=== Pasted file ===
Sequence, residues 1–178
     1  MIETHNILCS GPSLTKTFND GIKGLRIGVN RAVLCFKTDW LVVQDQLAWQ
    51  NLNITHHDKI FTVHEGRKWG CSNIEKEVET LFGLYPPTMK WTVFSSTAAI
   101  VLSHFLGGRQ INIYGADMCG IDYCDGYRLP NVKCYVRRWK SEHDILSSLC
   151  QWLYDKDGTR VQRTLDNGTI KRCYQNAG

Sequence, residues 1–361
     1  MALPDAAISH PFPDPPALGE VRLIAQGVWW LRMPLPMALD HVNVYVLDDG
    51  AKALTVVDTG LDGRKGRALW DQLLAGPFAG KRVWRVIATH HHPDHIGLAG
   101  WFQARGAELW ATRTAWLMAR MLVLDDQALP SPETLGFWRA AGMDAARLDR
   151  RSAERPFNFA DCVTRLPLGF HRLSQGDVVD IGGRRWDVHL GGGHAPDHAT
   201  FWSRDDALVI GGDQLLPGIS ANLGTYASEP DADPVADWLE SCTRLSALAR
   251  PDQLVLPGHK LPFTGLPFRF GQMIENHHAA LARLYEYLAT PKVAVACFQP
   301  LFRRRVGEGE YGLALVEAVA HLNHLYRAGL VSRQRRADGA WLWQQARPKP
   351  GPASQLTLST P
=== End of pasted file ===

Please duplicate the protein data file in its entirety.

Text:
Sequence, residues 1–178
     1  MIETHNILCS GPSLTKTFND GIKGLRIGVN RAVLCFKTDW LVVQDQLAWQ
    51  NLNITHHDKI FTVHEGRKWG CSNIEKEVET LFGLYPPTMK WTVFSSTAAI
   101  VLSHFLGGRQ INIYGADMCG IDYCDGYRLP NVKCYVRRWK SEHDILSSLC
   151  QWLYDKDGTR VQRTLDNGTI KRCYQNAG

Sequence, residues 1–361
     1  MALPDAAISH PFPDPPALGE VRLIAQGVWW LRMPLPMALD HVNVYVLDDG
    51  AKALTVVDTG LDGRKGRALW DQLLAGPFAG KRVWRVIATH HHPDHIGLAG
   101  WFQARGAELW ATRTAWLMAR MLVLDDQALP SPETLGFWRA AGMDAARLDR
   151  RSAERPFNFA DCVTRLPLGF HRLSQGDVVD IGGRRWDVHL GGGHAPDHAT
   201  FWSRDDALVI GGDQLLPGIS ANLGTYASEP DADPVADWLE SCTRLSALAR
   251  PDQLVLPGHK LPFTGLPFRF GQMIENHHAA LARLYEYLAT PKVAVACFQP
   301  LFRRRVGEGE YGLALVEAVA HLNHLYRAGL VSRQRRADGA WLWQQARPKP
   351  GPASQLTLST P